Backpackers in Bondi diagnosed with coronavirus after Scott Morrison shuts down beach

Chilling twist in Bondi Beach social distancing disgrace as ‘several’ backpackers in the area test positive to coronavirus and cases in Australia skyrocket overnight to 1,220

Coronavirus has infected “several” backpackers near Sydney’s famous Bondi Beach, which has been shut down after hundreds ignored urgent public health warnings.

NSW Health on Sunday confirmed 97 new COVID-19 cases, bringing the state’s tally to 533.

Of those 533 cases, 46 have been contracted locally without an identified source of infection.

“Several new diagnoses of COVID-19 have been made in backpackers in the Bondi area,” NSW Health said on Sunday in a statement.

“There were two recent parties that some of the cases attended where the cases may have acquired their infections.”

Those two parties were the Boogie Wonderland party at the Bucket List on March 15 and a party at Club 77 on the same date.

A childcare worker from the Smeaton Grange Young Academics Centre has also been infected with COVID-19.

Any children or staff who went to the centre between March 2 and March 16 are being told to self isolate.

All beaches in Sydney’s eastern suburbs have been closed on Sunday, including Bondi, Tamarama, Maroubra and Coogee.

NSW Police Minister David Elliott said about 450 people who showed up at Bondi Beach on Sunday morning were told to leave.

“We are not doing this because we are the fun police. We don’t close these public spaces because we want to punish people,” he told Channel 7’s Weekend Sunrise.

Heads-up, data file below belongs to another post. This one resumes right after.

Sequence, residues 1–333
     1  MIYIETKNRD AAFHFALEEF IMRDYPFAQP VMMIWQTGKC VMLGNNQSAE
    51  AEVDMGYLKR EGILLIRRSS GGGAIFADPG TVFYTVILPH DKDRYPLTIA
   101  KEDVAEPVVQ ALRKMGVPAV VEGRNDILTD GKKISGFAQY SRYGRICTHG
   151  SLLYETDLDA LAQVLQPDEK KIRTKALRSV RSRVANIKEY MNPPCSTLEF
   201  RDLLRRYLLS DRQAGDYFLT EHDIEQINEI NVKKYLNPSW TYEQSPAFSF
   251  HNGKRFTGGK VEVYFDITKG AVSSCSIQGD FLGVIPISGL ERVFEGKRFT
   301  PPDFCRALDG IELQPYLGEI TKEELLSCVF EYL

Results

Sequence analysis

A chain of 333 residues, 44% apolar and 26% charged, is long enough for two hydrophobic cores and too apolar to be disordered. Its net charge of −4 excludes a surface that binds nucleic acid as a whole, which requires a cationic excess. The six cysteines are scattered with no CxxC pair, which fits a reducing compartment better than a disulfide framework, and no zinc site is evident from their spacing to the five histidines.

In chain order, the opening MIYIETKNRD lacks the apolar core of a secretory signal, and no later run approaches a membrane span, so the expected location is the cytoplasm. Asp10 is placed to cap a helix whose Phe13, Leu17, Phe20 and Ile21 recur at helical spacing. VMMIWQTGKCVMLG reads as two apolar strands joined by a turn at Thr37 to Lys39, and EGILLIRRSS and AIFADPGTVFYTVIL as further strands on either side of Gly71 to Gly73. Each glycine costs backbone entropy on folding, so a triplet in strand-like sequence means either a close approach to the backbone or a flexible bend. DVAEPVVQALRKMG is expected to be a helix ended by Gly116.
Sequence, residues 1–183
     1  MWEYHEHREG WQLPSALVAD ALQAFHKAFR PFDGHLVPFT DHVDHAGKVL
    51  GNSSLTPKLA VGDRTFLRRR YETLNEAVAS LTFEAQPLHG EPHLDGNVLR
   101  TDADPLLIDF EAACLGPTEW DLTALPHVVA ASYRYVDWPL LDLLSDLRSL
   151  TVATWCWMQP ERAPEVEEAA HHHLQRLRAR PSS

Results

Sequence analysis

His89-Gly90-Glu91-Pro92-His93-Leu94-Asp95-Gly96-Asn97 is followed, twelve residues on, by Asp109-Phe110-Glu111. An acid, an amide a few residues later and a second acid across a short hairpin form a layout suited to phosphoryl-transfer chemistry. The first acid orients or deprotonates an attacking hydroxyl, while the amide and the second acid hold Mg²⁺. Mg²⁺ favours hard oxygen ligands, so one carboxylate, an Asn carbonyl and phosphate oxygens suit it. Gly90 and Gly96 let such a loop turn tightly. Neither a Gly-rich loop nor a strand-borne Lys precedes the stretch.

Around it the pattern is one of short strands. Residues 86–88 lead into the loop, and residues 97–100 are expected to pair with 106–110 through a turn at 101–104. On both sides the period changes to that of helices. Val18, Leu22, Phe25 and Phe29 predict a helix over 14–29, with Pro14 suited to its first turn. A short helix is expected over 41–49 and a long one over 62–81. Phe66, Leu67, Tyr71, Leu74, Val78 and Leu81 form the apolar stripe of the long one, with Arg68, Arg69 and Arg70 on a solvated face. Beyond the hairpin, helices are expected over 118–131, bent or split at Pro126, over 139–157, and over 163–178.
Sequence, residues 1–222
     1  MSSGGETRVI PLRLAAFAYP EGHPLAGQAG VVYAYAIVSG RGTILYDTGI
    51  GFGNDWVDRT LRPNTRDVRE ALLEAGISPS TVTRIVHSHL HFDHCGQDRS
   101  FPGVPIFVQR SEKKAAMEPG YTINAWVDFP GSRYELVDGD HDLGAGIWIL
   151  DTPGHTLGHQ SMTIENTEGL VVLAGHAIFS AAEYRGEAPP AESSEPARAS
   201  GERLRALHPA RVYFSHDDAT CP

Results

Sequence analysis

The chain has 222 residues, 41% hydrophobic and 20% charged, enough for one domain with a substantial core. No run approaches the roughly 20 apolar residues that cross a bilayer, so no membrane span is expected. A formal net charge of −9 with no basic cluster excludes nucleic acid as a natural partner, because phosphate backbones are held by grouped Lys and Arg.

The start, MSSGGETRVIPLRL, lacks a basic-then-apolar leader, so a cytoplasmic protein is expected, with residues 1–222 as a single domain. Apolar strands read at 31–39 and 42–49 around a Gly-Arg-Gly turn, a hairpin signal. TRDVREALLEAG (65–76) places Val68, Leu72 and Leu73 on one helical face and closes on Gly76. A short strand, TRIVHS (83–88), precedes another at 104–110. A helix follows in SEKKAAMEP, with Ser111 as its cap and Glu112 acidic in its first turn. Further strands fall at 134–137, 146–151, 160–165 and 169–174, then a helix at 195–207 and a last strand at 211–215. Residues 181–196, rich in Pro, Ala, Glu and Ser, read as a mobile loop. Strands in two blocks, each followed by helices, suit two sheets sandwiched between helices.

“Some people are just stupid and want to take the risk. Some people think they are above the law.”

The beaches are closed after images of people cramming on to Bondi Beach were widely condemned amid the coronavirus pandemic.

Prime Minister Scott Morrison said authorities may need to crack down even harder if people continue to ignore public health warnings.

“What happened at Bondi Beach yesterday was not OK and served as a message to federal and state leaders that too many Australians are not taking these issues seriously enough,” he told reporters on Sunday.

“State premiers and chief ministers may have to take far more draconian measures to enforce social distancing.

“The more Australians themselves assist us in this fight against the virus to protect lives and livelihoods, the more and better able we are to ensure that Australia comes out stronger on the other side.”

Under regulations introduced to control the spread of the deadly virus, outdoor gatherings of 500 people or more have been banned.

Health Minister Brad Hazzard urged young people to take the COVID-19 threat seriously, saying “the problem is just over the horizon, on the basis of the numbers that we’re now seeing”.

“It’s a serious matter. Save yourself and save your family,” Mr Hazzard told reporters on Saturday.